Tuesday, September 7, 2010

Bread And Circuses

Slate's Timothy Noah begins a detailed analysis of what he calls "The Great Divergence", the fact that the richest 1% of Americans control 24% of the nation's total wealth.  Things are bad in America right now:

Why don't Americans pay more attention to growing income disparity? One reason may be our enduring belief in social mobility. Economic inequality is less troubling if you live in a country where any child, no matter how humble his or her origins, can grow up to be president. In a survey of 27 nations conducted from 1998 to 2001, the country where the highest proportion agreed with the statement "people are rewarded for intelligence and skill" was, of course, the United States. (69 percent). But when it comes to real as opposed to imagined social mobility, surveys find less in the United States than in much of (what we consider) the class-bound Old World. France, Germany, Sweden, Denmark, Spain—not to mention some newer nations like Canada and Australia—are all places where your chances of rising from the bottom are better than they are in the land of Horatio Alger's Ragged Dick.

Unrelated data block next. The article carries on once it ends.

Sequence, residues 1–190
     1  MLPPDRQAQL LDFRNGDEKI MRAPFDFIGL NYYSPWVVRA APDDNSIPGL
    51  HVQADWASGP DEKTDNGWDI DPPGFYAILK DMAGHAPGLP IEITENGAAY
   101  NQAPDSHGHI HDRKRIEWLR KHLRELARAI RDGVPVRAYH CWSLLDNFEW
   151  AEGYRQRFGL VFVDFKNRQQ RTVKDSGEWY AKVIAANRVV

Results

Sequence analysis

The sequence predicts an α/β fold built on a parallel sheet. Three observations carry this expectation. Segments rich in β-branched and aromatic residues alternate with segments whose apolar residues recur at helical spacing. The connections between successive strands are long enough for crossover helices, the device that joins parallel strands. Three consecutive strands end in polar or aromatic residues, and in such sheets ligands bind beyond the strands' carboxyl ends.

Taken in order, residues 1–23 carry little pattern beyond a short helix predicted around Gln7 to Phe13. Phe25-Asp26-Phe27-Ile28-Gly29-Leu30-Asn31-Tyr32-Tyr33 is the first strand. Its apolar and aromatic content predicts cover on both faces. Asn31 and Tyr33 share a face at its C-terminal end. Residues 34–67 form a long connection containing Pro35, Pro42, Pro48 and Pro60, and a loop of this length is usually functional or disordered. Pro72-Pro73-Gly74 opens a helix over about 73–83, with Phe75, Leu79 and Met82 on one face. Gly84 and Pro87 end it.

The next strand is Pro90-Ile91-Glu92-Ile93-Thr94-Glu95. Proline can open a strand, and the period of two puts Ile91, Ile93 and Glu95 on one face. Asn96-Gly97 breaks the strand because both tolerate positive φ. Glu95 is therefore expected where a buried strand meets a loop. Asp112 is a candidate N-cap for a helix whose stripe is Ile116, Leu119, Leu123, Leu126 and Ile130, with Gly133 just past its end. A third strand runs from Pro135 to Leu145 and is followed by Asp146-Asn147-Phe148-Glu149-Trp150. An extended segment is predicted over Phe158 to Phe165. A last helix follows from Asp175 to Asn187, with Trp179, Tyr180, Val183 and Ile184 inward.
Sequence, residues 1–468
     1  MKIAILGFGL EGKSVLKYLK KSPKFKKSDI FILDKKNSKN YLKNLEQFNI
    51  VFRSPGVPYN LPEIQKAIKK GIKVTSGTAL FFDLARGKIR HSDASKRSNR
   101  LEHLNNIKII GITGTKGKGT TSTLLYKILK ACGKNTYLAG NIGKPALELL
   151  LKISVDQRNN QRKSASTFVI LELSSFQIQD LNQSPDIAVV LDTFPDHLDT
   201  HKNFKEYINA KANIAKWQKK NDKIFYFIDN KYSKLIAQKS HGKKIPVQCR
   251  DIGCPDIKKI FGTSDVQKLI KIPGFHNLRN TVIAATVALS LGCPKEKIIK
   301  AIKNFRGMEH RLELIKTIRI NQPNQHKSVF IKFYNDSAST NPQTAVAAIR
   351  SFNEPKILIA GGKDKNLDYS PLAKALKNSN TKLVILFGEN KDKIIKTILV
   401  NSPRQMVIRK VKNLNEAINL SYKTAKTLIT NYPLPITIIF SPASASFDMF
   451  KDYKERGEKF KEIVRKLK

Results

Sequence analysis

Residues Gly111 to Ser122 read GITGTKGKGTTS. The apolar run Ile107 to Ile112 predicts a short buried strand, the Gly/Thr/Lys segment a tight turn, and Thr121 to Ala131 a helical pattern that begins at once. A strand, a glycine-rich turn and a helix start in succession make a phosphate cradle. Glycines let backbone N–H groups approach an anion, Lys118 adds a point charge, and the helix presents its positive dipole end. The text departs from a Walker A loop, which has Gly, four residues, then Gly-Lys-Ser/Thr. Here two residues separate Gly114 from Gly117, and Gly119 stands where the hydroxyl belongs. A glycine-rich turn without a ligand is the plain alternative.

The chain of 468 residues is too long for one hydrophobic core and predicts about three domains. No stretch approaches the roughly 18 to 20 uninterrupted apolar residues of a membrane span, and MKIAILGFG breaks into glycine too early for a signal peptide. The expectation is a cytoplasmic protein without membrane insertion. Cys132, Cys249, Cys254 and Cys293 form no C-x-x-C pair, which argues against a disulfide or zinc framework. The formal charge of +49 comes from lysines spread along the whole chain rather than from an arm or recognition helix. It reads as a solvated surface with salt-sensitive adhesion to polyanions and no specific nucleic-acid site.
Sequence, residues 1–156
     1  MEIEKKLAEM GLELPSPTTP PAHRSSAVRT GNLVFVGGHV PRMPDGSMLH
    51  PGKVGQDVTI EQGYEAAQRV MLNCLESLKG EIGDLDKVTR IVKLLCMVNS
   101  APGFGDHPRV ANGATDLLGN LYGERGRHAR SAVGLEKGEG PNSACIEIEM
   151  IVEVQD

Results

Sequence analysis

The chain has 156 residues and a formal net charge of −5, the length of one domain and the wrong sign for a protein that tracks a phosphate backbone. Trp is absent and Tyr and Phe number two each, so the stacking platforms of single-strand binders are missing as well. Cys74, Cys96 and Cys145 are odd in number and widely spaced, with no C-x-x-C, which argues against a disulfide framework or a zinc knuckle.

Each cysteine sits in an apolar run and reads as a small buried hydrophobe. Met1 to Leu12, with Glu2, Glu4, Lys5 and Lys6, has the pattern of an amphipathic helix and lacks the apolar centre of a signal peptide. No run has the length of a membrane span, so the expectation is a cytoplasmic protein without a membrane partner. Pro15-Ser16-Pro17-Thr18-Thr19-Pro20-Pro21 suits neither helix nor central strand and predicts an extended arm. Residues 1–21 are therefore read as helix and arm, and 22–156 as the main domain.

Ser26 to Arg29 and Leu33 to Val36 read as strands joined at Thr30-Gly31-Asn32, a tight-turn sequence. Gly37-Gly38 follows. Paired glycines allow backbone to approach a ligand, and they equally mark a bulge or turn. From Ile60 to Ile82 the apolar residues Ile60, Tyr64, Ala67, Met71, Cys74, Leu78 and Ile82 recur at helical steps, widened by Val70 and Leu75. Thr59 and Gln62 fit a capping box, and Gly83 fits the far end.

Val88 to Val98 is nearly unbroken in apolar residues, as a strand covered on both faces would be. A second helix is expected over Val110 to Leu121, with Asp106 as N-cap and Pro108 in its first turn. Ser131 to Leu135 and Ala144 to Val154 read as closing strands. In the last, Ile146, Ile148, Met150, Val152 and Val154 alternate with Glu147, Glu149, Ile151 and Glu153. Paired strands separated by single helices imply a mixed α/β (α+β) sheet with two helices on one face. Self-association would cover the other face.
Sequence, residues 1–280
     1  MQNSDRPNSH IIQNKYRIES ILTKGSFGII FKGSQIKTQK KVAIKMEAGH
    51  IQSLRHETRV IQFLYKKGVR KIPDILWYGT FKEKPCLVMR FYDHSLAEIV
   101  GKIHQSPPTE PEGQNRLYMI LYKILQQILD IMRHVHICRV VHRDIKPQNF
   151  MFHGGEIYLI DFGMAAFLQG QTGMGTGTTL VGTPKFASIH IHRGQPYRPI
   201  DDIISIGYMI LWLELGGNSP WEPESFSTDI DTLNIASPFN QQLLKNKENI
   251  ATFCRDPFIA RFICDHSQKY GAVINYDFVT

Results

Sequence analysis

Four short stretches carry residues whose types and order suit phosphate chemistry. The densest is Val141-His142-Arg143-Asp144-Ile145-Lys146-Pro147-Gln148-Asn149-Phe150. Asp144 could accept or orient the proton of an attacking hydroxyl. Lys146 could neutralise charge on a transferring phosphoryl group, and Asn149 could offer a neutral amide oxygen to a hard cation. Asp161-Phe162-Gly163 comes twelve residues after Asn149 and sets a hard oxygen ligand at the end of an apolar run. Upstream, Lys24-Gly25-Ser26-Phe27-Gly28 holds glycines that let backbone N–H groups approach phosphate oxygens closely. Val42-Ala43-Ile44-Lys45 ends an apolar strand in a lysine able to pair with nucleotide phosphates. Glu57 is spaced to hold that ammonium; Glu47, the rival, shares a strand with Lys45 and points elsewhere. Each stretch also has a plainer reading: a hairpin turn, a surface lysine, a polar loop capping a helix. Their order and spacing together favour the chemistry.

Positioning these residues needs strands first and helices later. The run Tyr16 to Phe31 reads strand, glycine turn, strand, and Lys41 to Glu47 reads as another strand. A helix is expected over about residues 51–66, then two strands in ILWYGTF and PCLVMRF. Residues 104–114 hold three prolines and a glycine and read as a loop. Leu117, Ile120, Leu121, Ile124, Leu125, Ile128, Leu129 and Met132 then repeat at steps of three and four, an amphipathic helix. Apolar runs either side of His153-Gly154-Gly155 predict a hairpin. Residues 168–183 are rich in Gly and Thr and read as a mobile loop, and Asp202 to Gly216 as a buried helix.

And the best part is the inequality data goes back to 2007 or 2008.  Over the last 2 years, that divergence has absolutely gotten worse.  The richest 10% of Americans control 46% of income.  That number will only get worse as this depression drags on.

And when did this start?  With the election of one Ronald Reagan.  Explains the GOP over the last 30 years, huh?

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